Right now I should be attending Cycle Oregon’s week-long ride. I should be sitting by Diamond Lake surrounded by bikes and cyclists and people’s damp and stinky riding clothes. Unfortunately that ride got cancelled because of the fires. So now I’m sitting by Wallowa Lake surrounded by bikes and cyclists and people’s damp and stinky riding clothes. And as far as we’re concerned, we’re still “doing Cycle Oregon.”
That’s because Cycle Oregon is much more than a really awesome, fully-supported cycling adventure that takes place the first full week in September after Labor Day in some of the beautiful parts of the world.
So What Is Cycle Oregon?If you ask the people who run it, they will tell you it’s a non-profit organization dedicated to transforming individuals and communities through bicycling because that’s the official mission statement and what’s the point of having an official mission statement if it doesn’t get used? After that, they will elaborate in more detail, which is required to provide the true essence of it all.
If you ask me Cycle Oregon is about a bunch of people with a common passion for bikes and fitness and food and booze and fun and an interest in helping people in the rural parts of this pretty great state. It’s about a family and it’s about community. It’s something that exists in the hearts and minds of everyone who has ever participated — much in the same way a pirated movie exists in little packets on computers all over the globe.
It begins the moment you commit. It’s every training ride you take, every pedal stroke you make, every healthy meal you eat (and every unhealthy one), every conversation, every Facebook visit and every moment spent in anticipation. It’s preparing your gear and your mind and then road tripping your way to the start. After it’s done, it’s about the enduring friendships and the photos and reliving the memories.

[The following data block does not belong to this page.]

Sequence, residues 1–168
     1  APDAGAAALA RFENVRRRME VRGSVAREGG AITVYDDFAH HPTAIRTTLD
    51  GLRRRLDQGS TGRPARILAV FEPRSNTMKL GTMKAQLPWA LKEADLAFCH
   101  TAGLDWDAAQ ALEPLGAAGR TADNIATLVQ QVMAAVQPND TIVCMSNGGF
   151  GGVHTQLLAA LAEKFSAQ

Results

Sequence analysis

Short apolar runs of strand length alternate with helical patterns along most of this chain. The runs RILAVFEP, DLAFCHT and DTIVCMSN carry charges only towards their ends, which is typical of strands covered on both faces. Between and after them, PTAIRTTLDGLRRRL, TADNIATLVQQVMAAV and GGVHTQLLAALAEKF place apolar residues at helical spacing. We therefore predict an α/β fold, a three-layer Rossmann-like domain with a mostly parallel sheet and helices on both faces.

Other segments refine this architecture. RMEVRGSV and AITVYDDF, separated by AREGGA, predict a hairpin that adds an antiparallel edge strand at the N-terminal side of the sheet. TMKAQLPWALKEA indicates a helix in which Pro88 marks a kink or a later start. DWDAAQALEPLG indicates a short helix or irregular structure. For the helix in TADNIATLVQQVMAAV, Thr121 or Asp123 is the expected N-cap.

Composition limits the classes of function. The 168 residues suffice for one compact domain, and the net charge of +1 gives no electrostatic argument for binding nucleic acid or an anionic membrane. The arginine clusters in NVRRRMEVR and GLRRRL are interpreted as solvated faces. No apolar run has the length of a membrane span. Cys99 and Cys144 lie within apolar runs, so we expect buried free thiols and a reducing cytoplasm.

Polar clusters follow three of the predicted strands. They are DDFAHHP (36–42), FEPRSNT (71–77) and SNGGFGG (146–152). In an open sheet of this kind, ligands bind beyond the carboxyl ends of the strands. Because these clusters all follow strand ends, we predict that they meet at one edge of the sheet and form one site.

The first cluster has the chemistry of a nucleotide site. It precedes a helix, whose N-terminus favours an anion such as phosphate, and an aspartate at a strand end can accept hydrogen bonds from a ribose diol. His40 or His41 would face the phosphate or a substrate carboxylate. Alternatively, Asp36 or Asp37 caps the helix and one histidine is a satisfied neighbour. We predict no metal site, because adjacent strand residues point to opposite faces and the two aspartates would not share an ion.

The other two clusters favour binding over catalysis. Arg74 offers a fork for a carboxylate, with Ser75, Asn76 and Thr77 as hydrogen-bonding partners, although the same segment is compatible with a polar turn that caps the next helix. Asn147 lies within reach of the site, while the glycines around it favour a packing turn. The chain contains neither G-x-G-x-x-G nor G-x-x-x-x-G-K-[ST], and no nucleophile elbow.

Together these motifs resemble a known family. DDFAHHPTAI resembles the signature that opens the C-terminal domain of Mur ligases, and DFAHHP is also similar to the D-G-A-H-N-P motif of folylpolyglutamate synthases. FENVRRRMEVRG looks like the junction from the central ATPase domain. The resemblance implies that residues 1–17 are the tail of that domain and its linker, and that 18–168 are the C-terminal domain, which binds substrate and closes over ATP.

Is the part where you spend a week of riding and cavorting with 2,200 of your closest friends in some of the state’s most bucolic areas an important part of the Cycle Oregon equation? Why yes, as a matter of fact it is. Many would argue it’s the central part. Does the cancellation of the event mean Cycle Oregon 2017 didn’t happen? Not even a little.
Together Even When We’re ApartOur group is far from being the only group of displaced Cycle Oregonians here right now. According to a waitress at one of the popular watering holes in Joseph, there are about 100 other Cycle Oregonians in town. That comes as no surprise. Not only is this one of the few parts of the state that isn’t on fire, it’s a very special place to ride. Some of us rode here from Halfway (then Halfway.com) in 2008. Others tried on 2015 when fire blocked our path.
It was great to see other CO folks in town. We met one lovely local named Sarah who, as a lifelong resident of eastern Oregon, she became interested when the circus came through town in the early 2000s. Last year was her first ride and now she’s hooked. Her training regimen includes distance trail running, gravel riding and mountain biking. As one of the only road riders in town she has to do a lot of solo training, but after seeing her waft uphill on a mountain bike, my guess is riding partners might only slow her down.
One has to wonder how many of members of the tribe rolled their own adventures this week and where they went.